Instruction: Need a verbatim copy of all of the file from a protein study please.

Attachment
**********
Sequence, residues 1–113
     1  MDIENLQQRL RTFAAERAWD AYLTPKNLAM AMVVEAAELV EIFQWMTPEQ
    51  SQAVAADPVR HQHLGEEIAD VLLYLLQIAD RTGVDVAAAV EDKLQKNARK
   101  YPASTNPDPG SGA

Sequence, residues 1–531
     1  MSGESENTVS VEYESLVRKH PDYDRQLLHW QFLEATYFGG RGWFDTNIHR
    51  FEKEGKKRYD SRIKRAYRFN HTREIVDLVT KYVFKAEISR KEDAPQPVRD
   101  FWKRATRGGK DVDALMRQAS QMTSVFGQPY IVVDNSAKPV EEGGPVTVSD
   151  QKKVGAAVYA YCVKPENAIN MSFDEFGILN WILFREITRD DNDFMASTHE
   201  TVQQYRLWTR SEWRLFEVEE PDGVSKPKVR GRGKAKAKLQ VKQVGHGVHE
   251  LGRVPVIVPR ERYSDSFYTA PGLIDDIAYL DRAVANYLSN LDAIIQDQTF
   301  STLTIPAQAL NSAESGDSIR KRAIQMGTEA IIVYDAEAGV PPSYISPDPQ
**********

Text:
Sequence, residues 1–113
     1  MDIENLQQRL RTFAAERAWD AYLTPKNLAM AMVVEAAELV EIFQWMTPEQ
    51  SQAVAADPVR HQHLGEEIAD VLLYLLQIAD RTGVDVAAAV EDKLQKNARK
   101  YPASTNPDPG SGA

Sequence, residues 1–531
     1  MSGESENTVS VEYESLVRKH PDYDRQLLHW QFLEATYFGG RGWFDTNIHR
    51  FEKEGKKRYD SRIKRAYRFN HTREIVDLVT KYVFKAEISR KEDAPQPVRD
   101  FWKRATRGGK DVDALMRQAS QMTSVFGQPY IVVDNSAKPV EEGGPVTVSD
   151  QKKVGAAVYA YCVKPENAIN MSFDEFGILN WILFREITRD DNDFMASTHE
   201  TVQQYRLWTR SEWRLFEVEE PDGVSKPKVR GRGKAKAKLQ VKQVGHGVHE
   251  LGRVPVIVPR ERYSDSFYTA PGLIDDIAYL DRAVANYLSN LDAIIQDQTF
   301  STLTIPAQAL NSAESGDSIR KRAIQMGTEA IIVYDAEAGV PPSYISPDPQ